Let me begin with a warning for the reader: My purpose in this post is to praise the depth of divine condescension in a way that eschews politeness. And in so doing, I’m going to talk about poop. You have been warned. My four-year-old is now daytime potty trained. This is a huge accomplishment for him and a great relief to his father and mother. Increasingly, he doesn’t even need help finishing up in the
Over the last couple of months, I’ve greatly enjoyed reading the work of Catholic theologian Paul Griffiths (an erstwhile professor at Duke Divinity School). His most recent book, Christian Flesh, is probably the most extensive reflection I’ve read on precisely what it means to be an incarnate being—and more particularly, a baptized incarnate being. And Decreation: The Last Things of All Creatures is a sweeping work of speculative eschatology that considers the ultimate destiny of
In 1996, the independent Scottish band Belle & Sebastian released their second full-length album, If You’re Feeling Sinister. More than twenty years later, Sinister is still revered as one of the greatest albums of the 90’s—ranking alongside notable alternative rock acts such as Beck, Smashing Pumpkins, Radiohead, and Nirvana. While the aforementioned bands were known for their use of heavily distorted electric guitars, Belle and Sebastian crafted a gentler tone, reminiscent of 60’s era folk-rock
I have often said that the sole cause of man’s unhappiness is that he does not know how to stay quietly in his room. —Blaise Pascal Quietude. Calm. Collected. Consistency. These are not the buzzwords of our culture of revolution. If they make it on to the radar, it is as unwanted intruders. To use one’s voice is a virtue; to remain silent, a vice. To be calm is thought to be apathetic at best,
Silence is a sort of nothingness. In spite of this, silence often possesses a variety of qualities. We may experience the angry silence of a hurt loved one, the peaceful silence of the person at rest, or the patient silence of a watcher. The silence of persons turns out to be something. It may be a lack of sound, but it is filled by the quality of a human person. Humans spend much of their
Considered generally, doubt is beneficial to human beings. While we all begin life in a state of ignorance—relying upon the care and concern of others to survive—too many of us eventually enter a state of arrogance. Neither position is desirable, but these are the two ends of the spectrum of knowledge spectrum toward which we gravitate. Christians who see pride as the root of all sin are inclined to value doubt when it counteracts pride.
“The Son of Man must undergo great suffering, and be rejected by the elders, chief priests, and scribes, and be killed, and on the third day be raised.” Then he said to them all, “If any want to become my followers, let them deny themselves and take up their cross daily and follow me. For those who want to save their life will lose it, and those who lose their life for my sake will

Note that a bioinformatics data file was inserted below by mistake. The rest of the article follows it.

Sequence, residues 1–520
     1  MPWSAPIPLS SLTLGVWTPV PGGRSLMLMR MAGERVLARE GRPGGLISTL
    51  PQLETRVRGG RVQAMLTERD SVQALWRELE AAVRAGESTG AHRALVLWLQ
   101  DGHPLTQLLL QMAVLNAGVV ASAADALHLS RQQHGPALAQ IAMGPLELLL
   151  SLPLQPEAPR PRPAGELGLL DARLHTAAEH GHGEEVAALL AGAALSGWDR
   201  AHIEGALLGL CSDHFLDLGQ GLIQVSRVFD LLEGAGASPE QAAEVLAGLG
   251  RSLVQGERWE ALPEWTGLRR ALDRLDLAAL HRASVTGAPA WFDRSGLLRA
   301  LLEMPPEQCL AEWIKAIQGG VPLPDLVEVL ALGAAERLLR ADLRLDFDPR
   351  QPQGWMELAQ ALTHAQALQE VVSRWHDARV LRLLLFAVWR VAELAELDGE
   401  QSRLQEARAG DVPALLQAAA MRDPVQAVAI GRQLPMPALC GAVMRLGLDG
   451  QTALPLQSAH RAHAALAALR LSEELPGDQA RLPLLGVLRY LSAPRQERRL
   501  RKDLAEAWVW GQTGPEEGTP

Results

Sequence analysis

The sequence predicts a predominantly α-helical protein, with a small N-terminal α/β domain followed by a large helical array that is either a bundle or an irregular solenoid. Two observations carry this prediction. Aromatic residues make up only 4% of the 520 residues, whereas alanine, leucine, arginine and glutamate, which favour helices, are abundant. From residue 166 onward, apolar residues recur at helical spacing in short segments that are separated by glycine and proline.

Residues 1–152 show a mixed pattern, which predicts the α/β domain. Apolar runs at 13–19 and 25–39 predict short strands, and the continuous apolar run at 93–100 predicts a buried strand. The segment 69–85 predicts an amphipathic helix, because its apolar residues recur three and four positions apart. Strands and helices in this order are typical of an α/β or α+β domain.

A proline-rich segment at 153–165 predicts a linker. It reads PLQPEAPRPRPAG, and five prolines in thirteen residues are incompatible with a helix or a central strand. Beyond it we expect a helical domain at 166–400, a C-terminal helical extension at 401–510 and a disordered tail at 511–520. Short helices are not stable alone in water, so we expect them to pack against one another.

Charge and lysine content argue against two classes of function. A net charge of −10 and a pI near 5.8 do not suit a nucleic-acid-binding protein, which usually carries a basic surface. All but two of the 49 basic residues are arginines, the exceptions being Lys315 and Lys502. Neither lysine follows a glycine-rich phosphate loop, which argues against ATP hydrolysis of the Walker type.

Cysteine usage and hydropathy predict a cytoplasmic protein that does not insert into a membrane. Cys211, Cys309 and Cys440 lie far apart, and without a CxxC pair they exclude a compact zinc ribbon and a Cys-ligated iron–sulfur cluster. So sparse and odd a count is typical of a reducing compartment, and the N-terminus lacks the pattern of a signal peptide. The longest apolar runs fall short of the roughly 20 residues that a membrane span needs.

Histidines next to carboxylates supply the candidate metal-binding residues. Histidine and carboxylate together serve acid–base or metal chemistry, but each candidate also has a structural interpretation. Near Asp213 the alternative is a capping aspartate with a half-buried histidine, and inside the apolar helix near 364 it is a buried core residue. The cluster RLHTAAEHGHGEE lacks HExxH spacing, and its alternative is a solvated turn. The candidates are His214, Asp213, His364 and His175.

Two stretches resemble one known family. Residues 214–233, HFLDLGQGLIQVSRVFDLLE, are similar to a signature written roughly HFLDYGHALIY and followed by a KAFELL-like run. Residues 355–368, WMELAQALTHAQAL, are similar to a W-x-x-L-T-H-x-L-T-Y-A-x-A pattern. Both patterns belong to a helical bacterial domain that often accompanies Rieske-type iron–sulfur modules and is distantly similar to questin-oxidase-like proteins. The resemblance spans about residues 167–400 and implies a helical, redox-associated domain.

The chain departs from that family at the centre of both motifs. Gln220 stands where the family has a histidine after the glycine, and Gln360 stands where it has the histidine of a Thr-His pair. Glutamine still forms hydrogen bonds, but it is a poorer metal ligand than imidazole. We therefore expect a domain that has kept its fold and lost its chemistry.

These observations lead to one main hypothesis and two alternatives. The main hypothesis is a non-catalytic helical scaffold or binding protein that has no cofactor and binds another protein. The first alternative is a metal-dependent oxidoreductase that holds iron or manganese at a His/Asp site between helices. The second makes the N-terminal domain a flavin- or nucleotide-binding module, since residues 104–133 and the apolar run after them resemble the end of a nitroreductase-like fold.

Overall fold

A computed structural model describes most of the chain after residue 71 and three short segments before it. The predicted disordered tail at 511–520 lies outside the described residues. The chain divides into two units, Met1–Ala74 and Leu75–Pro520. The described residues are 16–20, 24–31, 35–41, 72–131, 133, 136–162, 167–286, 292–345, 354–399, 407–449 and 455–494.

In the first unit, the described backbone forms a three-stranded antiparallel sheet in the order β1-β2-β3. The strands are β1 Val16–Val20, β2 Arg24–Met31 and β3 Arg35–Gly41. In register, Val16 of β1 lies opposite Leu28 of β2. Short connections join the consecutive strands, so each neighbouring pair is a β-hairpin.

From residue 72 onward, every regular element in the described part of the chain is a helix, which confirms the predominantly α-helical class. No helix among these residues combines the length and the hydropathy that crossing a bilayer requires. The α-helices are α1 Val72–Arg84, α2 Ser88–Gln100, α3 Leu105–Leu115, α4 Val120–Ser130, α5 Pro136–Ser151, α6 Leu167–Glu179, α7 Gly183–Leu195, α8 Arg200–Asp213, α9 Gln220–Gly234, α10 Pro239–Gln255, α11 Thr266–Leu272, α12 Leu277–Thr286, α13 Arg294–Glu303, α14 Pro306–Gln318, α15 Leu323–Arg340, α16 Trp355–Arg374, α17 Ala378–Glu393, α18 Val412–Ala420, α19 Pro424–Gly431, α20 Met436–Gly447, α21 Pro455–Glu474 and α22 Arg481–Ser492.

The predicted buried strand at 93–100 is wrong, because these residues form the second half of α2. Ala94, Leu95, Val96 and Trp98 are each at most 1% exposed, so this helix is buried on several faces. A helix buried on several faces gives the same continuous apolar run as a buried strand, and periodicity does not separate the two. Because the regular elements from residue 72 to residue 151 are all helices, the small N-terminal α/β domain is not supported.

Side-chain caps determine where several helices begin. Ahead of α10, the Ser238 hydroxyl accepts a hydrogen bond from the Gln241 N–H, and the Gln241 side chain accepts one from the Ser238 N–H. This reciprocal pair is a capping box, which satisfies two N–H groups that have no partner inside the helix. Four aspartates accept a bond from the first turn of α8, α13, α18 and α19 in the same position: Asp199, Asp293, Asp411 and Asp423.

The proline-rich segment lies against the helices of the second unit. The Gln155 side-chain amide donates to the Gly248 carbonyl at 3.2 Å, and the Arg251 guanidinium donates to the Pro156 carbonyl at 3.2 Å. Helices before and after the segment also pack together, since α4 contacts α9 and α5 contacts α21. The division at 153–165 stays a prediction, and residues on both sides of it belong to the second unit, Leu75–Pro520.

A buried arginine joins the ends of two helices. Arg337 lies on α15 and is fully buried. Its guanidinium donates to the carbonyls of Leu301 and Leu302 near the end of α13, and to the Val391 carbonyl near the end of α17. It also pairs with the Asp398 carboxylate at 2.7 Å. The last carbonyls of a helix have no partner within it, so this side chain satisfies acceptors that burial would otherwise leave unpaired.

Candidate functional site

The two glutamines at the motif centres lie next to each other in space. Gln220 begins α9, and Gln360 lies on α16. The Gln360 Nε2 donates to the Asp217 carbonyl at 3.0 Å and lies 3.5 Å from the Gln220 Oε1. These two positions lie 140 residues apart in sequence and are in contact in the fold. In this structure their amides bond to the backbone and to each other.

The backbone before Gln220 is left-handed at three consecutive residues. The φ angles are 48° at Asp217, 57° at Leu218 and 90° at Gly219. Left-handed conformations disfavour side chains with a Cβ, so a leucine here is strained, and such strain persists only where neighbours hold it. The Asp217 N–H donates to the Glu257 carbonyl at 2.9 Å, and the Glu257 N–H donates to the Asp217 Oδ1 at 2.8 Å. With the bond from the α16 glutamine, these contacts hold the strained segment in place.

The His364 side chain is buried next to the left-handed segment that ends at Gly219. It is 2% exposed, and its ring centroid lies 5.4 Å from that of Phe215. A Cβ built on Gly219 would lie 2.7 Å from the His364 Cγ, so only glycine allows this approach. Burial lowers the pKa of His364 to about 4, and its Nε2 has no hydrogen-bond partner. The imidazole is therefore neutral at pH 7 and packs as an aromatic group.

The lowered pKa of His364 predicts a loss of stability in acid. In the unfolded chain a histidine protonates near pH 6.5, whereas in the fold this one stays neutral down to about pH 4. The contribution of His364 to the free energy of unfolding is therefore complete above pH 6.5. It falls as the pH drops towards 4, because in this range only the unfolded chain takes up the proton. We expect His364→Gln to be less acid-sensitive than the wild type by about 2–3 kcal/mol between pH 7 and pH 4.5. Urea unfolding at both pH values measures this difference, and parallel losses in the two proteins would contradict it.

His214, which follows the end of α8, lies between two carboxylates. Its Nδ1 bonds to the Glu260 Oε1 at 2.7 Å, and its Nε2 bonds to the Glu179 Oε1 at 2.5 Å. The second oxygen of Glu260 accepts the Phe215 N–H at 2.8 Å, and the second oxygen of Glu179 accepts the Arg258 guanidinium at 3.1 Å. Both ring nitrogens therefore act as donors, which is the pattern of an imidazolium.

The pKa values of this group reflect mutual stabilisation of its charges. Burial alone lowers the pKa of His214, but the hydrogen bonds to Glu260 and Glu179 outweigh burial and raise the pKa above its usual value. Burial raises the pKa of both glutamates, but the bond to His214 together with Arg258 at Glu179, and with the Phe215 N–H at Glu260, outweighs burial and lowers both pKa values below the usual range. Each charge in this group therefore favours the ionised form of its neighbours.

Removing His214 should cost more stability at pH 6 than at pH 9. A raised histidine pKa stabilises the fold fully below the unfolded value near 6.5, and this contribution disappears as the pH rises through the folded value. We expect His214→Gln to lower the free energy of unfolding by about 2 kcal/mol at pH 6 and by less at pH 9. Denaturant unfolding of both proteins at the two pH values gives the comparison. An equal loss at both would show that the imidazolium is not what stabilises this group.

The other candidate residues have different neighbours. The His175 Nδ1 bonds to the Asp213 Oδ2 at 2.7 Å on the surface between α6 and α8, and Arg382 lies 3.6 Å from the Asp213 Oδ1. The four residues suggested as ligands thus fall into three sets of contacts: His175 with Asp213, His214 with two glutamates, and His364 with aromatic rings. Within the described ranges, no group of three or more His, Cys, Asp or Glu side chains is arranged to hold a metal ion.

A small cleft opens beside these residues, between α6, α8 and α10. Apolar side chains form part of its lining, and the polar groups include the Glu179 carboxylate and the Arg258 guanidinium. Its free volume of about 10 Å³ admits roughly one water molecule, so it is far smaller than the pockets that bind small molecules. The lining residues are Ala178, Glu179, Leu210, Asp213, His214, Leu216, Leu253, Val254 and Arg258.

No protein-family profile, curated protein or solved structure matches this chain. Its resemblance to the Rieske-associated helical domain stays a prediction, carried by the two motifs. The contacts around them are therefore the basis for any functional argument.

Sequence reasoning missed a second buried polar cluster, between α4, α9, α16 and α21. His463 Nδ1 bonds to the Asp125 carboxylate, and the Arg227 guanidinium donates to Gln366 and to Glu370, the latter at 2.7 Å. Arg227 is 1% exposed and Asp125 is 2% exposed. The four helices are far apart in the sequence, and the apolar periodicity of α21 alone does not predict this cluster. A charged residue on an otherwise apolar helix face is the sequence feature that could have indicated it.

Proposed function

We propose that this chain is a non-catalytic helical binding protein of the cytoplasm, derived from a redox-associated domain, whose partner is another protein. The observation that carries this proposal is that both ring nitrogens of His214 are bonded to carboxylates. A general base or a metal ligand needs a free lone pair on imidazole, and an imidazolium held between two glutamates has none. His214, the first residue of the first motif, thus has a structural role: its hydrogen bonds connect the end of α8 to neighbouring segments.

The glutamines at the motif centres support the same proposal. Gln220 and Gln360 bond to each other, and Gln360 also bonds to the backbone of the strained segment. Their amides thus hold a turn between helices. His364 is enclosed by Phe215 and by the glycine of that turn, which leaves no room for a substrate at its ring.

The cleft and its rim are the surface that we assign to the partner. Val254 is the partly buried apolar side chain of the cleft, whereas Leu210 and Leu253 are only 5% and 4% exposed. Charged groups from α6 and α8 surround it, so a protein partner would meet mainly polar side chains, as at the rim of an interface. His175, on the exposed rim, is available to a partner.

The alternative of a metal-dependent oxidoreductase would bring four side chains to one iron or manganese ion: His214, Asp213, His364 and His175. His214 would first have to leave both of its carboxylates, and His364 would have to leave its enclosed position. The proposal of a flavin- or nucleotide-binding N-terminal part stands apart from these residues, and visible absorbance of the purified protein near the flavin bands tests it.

Can we get something straight? It is okay to judge. I know it is the unpardonable sin of our society, but it is not unpardonable before God. In fact, he calls Christians to judge.1 Before someone runs off decrying me as a heretic, let’s talk about what judging is. To judge means to esteem, to select or choose, to determine or resolve, to sift or weigh evidence, or to pronounce an opinion between right and
Jesus also told this parable to some who trusted in themselves that they were righteous, and treated others with contempt: “Two men went up into the temple to pray, one a Pharisee and the other a tax collector. The Pharisee, standing by himself, prayed thus: ‘God, I thank you that I am not like other men, extortioners, unjust, adulterers, or even like this tax collector. I fast twice a week; I give tithes of all
Theology is important. Good theology is even more important. Everyone is called to “do” theology.1 These are guiding principles here at Conciliar Post, where we seek to thoughtfully, faithfully, and charitably discuss issues of theological importance on a regular basis. Of course, to merely say (or write) that theology holds a place of value is not the same as actually living out one’s faith while seeking understanding.2 Too many times in my own life it
In one sense, Conciliar Post exists because people disagree, and they disagree about really important stuff. If everyone were on the same page theologically and confessed all of the same things, this website would either be nonexistent or serving a very different purpose. You don’t have to look any further than the round table portions of Conciliar Post to see that there are actually very significant and fundamental differences among the beliefs of our community.
The coming of Christ, the Reformed understand, is one part in the eternal plan of God to reconcile his chosen people to himself. The Incarnation, rather than being a stand-alone celebration, proceeds from an eternal will that precedes it, and results in a death that reconciles.
‘Tis the Christmas season. Our music, parties, concerts and plays, nativity scenes, lights, eggnog, and (if you’re lucky enough) snow tell us that Christmas comes swiftly. Gifts are being purchased. Plans to see family are being finalized. The busyness and joys of the Christmas season are pervasive, even for those who don’t celebrate Christmas. But why do we celebrate Christmas? The “Christmas Wars” rightfully remind us the real reason for the season: the birth of
Be willing to be only a voice that is heard but not seen, or a mirror whose glass the eye cannot see because it is reflecting the brilliant glory of the Son. Be willing to be a breeze that arises just before daylight, saying, “The dawn! The dawn!” and then fades away.1 “What prayer are you praying right now that you’re afraid God will answer?” Dark, questioning eyes probed my startled face when my friend